According to the Centers for Disease Control and Prevention (CDC), only 42 percent of adults (aged 18 years and older) received a flu vaccine during the 2013-2014 flu season. Obviously, some of us still need convincing about the need for flu vaccination.
Here are five reasons why you should get your flu shot this year:
1. The flu is more serious than you may realize.
According to a study by the CDC, more than 200,000 people in the United States, on average, are hospitalized each year for illnesses associated with seasonal influenza virus infections. The flu also can be deadly. From 1976 to 2006, estimates of annual flu-associated deaths in the United States ranged from 3,000 to nearly 49,000 people.
Certain groups of adults are at higher risk for serious illness and complications from the flu, including:
- People with chronic conditions such as asthma and diabetes.
- People with heart disease and those who have had a stroke.
- Adults 65 and older.
- Pregnant women.
- People who have HIV or AIDS.
- People who have cancer.
2. The flu vaccine is the most effective way to prevent illness caused by seasonal influenza viruses.
During the 2013-2014 flu season, the CDC estimated that the flu vaccine reduced a person’s risk of developing flu-related illness –serious enough to require a doctor’s visit – by 61 percent. The effectiveness of the flu vaccine may vary from year to year based on several factors, including how closely the flu vaccine matches circulating flu strains.
3. There is a flu vaccine available for almost everyone.
Don’t like needles? Healthy adults up to age 49 may receive either a nasal spray version, which contains weakened, live virus, or the shot. Allergic to eggs? An egg-free, standard-dose trivalent shot is appropriate for people aged 18 through 49 years who have severe egg allergies. Need extra protection? Quadrivalent vaccines (in both injectable and nasal forms) protect against four flu viruses. (Typical flu vaccines are trivalent, covering three strains of flu.) There is also a high-dose vaccine that may offer added protection to people over 65 years of age; those with weakened immune systems, such as patients undergoing chemotherapy or who are receiving immune-suppressing drugs for diseases like rheumatoid arthritis or colitis; and people with HIV. Discuss your options for flu vaccination with your doctor.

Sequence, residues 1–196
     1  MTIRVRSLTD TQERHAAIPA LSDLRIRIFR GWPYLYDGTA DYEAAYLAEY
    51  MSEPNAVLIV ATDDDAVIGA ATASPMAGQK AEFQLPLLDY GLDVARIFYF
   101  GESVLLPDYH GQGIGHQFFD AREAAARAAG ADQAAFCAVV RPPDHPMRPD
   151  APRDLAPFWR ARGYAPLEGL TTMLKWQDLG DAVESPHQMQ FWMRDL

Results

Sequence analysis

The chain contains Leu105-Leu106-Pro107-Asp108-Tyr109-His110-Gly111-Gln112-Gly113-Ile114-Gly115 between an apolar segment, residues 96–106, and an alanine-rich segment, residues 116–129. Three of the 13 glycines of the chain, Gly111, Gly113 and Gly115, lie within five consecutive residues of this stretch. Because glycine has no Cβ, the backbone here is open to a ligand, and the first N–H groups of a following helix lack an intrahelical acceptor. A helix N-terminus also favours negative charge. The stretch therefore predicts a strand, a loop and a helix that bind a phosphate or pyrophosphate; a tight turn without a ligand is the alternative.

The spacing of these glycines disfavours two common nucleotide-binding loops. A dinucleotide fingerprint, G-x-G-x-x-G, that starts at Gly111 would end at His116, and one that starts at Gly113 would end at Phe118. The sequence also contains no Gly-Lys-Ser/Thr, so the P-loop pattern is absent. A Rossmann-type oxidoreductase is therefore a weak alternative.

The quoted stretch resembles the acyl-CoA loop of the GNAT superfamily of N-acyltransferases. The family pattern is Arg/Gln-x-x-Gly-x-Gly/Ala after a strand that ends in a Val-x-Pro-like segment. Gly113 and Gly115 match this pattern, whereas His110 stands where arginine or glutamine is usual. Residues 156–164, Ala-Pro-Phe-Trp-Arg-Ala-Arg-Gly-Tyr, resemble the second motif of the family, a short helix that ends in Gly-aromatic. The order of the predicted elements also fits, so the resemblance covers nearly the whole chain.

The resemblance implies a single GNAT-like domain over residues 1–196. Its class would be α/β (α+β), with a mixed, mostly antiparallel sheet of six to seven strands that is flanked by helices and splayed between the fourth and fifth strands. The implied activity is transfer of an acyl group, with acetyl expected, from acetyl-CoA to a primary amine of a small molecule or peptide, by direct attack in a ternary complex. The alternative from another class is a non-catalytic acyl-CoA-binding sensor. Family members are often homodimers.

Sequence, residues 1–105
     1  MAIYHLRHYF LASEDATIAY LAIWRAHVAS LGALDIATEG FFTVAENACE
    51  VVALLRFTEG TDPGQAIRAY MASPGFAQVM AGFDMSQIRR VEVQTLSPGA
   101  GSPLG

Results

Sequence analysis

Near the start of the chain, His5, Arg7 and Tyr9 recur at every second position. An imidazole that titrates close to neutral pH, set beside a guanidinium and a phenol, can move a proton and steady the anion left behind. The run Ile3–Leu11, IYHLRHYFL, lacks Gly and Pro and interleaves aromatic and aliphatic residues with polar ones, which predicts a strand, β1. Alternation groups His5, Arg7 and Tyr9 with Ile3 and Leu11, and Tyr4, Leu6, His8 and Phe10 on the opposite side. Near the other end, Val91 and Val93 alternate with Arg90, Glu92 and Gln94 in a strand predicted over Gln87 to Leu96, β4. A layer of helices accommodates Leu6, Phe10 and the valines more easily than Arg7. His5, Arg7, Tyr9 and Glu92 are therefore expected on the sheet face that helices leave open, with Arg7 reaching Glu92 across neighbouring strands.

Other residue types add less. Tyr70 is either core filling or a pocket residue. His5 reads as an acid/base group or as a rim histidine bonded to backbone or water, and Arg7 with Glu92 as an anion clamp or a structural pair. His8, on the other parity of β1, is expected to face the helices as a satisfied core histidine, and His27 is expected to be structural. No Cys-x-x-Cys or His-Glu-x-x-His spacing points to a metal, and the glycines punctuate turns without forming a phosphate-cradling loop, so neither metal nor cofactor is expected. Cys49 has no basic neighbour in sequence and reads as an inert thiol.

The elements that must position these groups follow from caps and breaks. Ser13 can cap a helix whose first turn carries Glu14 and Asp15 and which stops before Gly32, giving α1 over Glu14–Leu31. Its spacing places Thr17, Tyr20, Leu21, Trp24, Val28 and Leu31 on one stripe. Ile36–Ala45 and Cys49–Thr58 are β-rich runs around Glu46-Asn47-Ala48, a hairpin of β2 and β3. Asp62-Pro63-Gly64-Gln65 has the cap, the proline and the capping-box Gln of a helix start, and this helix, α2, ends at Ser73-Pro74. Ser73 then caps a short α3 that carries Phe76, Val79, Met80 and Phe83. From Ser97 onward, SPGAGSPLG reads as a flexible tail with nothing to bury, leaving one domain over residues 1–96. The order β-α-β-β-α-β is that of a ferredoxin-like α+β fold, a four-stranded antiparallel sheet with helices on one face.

4. Last year’s flu shot won’t provide adequate protection from the flu this year.
There are several reasons why you need to get a flu shot every year. First, your body’s immune response to the vaccine gradually declines, so an annual vaccine is needed to provide continuous protection. Second, flu viruses are constantly changing. Each year, the strains covered in the flu vaccine are reviewed and adjusted.
5. The flu vaccine is covered by many health plans.
The Affordable Care Act requires most health plans to cover preventive care, including influenza vaccinations. Check with your health plan. Some plans may require that your vaccine be administered by a health care provider who is a member of the plan’s network in order to qualify for coverage.
Learn more about flu vaccination: